Induction power supply would require extra electronics in Lohan's body, and I would want to see it working at minus whatever first.

  8. TeeCee Gold badge

    Contact patches.

    Something else occurred to me after writing that: A very light smear of low-temperature grease on those contact patches prior to sticking the magnets on, if you please.

    That should prevent any condensation interfering with contact and also potentially freezing the things into place and providing rather more "pull to disconnect" than planned.

  9. Pete 2 Silver badge

    Look out for ice

    Just make sure that your magnets don't get dewed up during the ascent. The dew could freeze the magnets together, so that the pull-apart force is no longer defined by the strength / size of the magnets, but by the amount of ice holding them together.

    1. Lester Haines (Written by Reg staff) Gold badge

      Re: Look out for ice

      Yup. We've got some Molykote 33 low temperature grease, which should do the trick.

      See here:

      1. Andrew Newstead

        Re: Look out for ice

        Would this affect the conductivity at all?

        1. M Gale

          Re: Look out for ice

          I guess connect the magnets first then lube 'em up.

          If it's sending power on the ground, chances are it'll continue to do so on the way up.

  10. Spook


    Always with the magnets....

  11. BigNose

    High contact, low adhesion, easy.

    Take a wire, cut it in two, strip wires back 1cm, overlay exposed wires, don't twist together.

    Take lightly oiled paper and apply to 1 side on the covering and heat-shrink the whole.

    The connection is made and enforced by the heat-shrink and the oiled paper ensures that the separation of the 2 wire-ends enclosed is eased. A little tinkering with the heat-shrink maybe required to validate tensions.

    For safety, to avoid exposed wires touching, repeat the process for the other wire, but place the oiled paper on the opposite covering and ensure the 2 wire cust are offset by 2 or 3 cm.

    For each side of the junction, you are left with 1 exposed wire end and 1 covered end, offset from it and the weight added to the whole is neglible (gms).

    Job done.

  12. Iain Thomas

    May be missing something here...


    But where is it written that the heater supply connections have to be the same? If it's possible to arrange conductivity via either the launch bar or the rubber back-stop, that would seem half the solution...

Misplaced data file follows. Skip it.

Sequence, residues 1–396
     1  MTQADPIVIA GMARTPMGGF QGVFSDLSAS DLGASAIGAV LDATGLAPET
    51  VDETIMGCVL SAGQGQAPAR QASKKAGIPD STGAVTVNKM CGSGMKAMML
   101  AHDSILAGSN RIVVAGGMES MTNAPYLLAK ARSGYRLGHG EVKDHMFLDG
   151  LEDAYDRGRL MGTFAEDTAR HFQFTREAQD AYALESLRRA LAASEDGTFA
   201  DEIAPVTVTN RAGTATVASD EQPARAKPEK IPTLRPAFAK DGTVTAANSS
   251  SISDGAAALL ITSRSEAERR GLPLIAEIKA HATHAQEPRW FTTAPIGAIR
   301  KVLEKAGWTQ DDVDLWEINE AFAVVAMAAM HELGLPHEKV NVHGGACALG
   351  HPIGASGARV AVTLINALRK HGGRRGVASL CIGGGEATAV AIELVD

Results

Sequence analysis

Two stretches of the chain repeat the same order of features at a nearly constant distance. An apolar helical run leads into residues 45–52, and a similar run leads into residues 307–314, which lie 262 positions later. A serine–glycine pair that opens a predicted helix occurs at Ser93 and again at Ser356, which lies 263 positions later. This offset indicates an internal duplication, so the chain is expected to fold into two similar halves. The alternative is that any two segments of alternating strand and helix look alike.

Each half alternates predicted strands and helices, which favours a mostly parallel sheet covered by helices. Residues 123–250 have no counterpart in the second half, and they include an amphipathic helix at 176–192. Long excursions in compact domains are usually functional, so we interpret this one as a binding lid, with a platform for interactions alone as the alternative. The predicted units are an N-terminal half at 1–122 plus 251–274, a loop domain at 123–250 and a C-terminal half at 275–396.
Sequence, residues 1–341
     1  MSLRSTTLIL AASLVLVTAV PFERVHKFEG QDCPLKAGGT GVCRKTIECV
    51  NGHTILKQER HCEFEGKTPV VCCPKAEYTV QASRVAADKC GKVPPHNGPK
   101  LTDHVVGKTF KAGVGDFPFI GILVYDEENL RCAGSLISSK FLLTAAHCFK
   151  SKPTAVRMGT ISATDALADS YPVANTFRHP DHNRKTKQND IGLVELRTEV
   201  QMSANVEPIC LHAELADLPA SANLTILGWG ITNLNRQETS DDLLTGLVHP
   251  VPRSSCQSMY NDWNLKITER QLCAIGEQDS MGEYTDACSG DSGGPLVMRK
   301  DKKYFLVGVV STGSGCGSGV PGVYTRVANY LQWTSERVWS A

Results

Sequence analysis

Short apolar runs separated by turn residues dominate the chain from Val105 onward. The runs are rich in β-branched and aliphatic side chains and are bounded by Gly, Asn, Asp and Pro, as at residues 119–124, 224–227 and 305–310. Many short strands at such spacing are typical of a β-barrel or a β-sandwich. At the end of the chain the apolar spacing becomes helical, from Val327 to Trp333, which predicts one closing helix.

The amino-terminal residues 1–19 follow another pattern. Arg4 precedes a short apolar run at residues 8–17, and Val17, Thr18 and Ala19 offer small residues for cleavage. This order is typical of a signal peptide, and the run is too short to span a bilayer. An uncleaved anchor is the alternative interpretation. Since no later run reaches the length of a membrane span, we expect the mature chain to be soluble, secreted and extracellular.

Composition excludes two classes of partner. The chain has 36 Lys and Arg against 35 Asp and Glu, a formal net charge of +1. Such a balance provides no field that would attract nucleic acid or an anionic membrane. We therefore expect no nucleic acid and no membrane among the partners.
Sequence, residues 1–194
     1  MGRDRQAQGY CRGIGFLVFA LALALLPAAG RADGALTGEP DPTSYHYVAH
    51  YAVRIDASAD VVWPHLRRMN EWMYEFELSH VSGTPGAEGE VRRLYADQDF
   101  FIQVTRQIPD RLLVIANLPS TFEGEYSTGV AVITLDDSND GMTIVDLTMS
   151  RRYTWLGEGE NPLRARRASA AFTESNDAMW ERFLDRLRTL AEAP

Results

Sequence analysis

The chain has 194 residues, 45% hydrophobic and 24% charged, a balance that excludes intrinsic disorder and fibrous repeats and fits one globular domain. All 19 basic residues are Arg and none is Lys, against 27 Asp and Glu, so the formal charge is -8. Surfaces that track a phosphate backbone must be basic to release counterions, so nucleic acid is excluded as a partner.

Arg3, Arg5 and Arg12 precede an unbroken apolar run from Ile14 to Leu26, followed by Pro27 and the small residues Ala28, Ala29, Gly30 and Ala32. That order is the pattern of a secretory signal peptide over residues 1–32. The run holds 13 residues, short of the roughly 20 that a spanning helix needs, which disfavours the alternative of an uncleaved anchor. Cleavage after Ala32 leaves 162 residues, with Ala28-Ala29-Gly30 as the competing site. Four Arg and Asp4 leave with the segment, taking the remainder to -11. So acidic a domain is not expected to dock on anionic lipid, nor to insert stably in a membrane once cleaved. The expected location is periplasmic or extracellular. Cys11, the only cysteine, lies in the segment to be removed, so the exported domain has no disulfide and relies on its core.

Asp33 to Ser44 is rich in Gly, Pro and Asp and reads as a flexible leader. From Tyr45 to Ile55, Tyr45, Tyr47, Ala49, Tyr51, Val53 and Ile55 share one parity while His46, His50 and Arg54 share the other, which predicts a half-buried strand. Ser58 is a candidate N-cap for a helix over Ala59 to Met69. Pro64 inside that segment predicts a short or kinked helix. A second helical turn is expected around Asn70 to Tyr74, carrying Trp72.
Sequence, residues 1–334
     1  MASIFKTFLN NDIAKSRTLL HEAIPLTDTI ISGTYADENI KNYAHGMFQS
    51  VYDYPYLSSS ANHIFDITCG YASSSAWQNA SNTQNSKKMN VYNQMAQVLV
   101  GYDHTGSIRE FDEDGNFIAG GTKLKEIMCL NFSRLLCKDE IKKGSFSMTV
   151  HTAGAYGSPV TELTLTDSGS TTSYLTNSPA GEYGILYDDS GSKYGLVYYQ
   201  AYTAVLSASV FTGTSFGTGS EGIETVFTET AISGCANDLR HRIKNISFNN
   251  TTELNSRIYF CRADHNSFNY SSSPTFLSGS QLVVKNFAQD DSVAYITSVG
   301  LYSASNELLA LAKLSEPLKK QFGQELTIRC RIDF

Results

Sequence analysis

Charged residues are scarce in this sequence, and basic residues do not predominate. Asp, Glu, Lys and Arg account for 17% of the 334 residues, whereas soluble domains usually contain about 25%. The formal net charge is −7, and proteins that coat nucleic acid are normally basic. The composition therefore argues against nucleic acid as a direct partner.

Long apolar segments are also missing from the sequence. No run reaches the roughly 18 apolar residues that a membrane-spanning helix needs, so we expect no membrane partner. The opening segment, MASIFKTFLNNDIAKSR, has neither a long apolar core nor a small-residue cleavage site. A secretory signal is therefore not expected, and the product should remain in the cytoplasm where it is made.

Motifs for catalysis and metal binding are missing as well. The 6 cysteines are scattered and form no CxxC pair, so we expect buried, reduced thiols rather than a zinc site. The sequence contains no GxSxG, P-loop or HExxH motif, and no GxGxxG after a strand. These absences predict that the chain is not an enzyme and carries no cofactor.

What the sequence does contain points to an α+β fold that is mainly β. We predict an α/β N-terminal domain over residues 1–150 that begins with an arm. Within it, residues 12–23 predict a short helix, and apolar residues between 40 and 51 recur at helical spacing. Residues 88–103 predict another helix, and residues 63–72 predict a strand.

Additionally, a common theme seems to be concern about shorting the lipo battery; some sort of over-current cutoff or post-launch cutoff would seem to address that concern.


    Regards, Iain.

  13. GreenOgre

    MY shed includes ELECTRO-magnets.

    In MY shed I have relays and other electro-magnetic devices.

    Small electromagnet on the truss retains a ferrous contact plate on the rocket. Triggering the motor igniter would drop the current to the electromagnet (via relay or other, more devious, means) allowing the rocket to depart with zero friction or magnetic drag and zero trailing wires.

    Cheap, simple, effective. What more could a ballocketeer ask for?

    1. M Gale

      Re: MY shed includes ELECTRO-magnets.

      A sodding big battery to keep that electromagnet activated?

      What kind of power do you need for a few hundred grams of stickiness anyway?

      1. This post has been deleted by its author

      2. GreenOgre

        Re: MY shed includes ELECTRO-magnets.

        Sodding great battery already present to supply heater. A coil from a small solenoid would draw less than the heater.

        Gravity would do most of the work but a small latch-plate on the rocket (sprung to allow some movement) would stick pretty well. I will see if I can find some current ratings ...

  14. Bumble
    Thumb Up

    Virtual test facility, available for free.

    In the patient waiting period while the Reg team are blowing things up and magnetizing their nads, why not play an up-and-coming Indie Game / Rocket launch Sim - Kerbal Space Program.